Nov. 29, 2011
For Immediate release
For more information, contact Kim Weismann at 774-4203
WSC working to embrace diversity of changing community
WILLISTON, N.D. - With the influx of people to the area, the word "diversity" has taken on new meaning for many. At Williston State College, a committee and a club have been formed to help embrace the diversity of our changing population, especially on-campus, but throughout the community as well.
According to WSC Communication Instructor and Diversity Committee Chair Kim Weismann, the North Dakota University System has been pushing for an initiative to get the committee up and running. "We had the committee in place last year and this year we're really trying to take a stance and be more visible on campus," she said. "With the community changing as it is, we are striving to embrace diversity rather than ignore it."
The committee has been busy with various events throughout the semester, including a movie night in September that featured Mexican culture.
"We had a Taste of Cultures event on Halloween," Weismann said. "The faculty, staff and students all had the opportunity to have a table with cultural artifacts or foods. We had artifacts from Africa, China, Japan, and more. And we had lots of food choices - our Japanese students made a curry and rice dish, we had Swiss fondue, knoefla soup, borscht soup, and of course, lefse. We had a really great variety of foods to try."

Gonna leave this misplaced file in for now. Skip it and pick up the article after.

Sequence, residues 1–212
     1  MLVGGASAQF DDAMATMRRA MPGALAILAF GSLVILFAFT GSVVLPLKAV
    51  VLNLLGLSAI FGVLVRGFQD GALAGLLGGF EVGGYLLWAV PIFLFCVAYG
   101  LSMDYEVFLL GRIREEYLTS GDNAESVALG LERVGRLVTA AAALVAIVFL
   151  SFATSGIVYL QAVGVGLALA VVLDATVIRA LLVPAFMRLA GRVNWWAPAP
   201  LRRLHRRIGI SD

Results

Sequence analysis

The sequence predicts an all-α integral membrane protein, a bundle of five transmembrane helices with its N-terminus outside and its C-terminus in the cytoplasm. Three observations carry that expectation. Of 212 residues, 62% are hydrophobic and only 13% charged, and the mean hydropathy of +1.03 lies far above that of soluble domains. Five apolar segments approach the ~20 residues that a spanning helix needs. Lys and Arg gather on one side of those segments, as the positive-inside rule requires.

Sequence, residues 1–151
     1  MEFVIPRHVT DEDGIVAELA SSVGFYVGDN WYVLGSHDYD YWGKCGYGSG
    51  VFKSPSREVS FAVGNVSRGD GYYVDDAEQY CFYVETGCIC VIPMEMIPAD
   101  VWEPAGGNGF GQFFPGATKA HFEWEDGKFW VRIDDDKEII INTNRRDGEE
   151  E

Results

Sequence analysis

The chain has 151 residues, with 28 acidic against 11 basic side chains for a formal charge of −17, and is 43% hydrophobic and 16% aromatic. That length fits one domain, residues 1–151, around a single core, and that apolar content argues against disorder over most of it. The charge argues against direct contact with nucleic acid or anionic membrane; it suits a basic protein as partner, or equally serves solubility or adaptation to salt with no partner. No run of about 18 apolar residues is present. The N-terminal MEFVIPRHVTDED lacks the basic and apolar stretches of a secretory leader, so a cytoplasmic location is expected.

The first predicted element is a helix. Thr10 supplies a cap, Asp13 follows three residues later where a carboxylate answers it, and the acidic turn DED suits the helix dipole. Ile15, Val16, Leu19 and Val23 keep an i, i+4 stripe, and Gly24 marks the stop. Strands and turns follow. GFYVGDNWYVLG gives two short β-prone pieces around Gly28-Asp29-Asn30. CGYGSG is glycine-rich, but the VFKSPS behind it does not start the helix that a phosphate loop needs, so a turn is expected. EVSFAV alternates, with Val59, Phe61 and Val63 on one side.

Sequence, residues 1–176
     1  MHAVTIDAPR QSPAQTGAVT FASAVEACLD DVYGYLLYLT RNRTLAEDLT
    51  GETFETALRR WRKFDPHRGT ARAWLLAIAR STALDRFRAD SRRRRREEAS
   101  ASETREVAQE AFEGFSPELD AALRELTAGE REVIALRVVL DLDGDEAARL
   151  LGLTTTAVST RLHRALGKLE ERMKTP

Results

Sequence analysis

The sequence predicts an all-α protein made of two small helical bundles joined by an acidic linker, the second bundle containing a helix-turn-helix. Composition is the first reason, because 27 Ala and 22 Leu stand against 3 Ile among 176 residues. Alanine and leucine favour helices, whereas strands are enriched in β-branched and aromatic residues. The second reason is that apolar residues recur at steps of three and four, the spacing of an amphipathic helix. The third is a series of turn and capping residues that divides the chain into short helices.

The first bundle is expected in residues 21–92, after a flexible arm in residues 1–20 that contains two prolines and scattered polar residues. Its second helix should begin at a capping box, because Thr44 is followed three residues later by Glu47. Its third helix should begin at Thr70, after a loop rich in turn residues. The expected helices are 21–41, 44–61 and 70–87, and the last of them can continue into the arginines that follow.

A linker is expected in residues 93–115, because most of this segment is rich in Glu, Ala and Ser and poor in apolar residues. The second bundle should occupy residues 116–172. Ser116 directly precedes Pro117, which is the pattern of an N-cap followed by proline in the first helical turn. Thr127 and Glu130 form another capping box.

November is Native American Heritage Month and classes at WSC did presentations on various Native American tribes and on the 29th, they had a special treat of a Native American delicacy.
"We had the delicacy available for students, faculty and staff to try, but we didn't tell them what it was," Weismann laughed. "They had to guess what they were eating - not many of them guessed they were eating buffalo tongue!"
Plans for future events include a cultural dance night. "We're hoping to be able to have students who have come to us from other countries to work in the community show us some traditional dances from their cultures. We have students from Latin America who could do Salsa dances, and we have students from Africa here and hopefully they'll be able to perform a tribal or ethnic dance for us."
She said that a map will soon be put up in the hallway between the Teton Lounge and cafeteria showing where the students who attend WSC come from around the world.
"We are also putting diversity into our curriculum," she said. "All programs will soon have a diversity component to them. It's very much a work in progress, but that's where we're at right now."
The college has long supported helping the students, as well as members of the community, experience other cultures.
"We have a trip to Norway coming up in March of 2013," Weismann said. "We are trying to do a trip every two years, giving our students the opportunity to not only learn about the culture in the classroom, but also to experience it and be immersed in it."
Trips in past years have been taken to Mexico, China, Scotland and Ireland.
For more information on the diversity programs, or the trip to Norway, contact Weismann at 774-4503.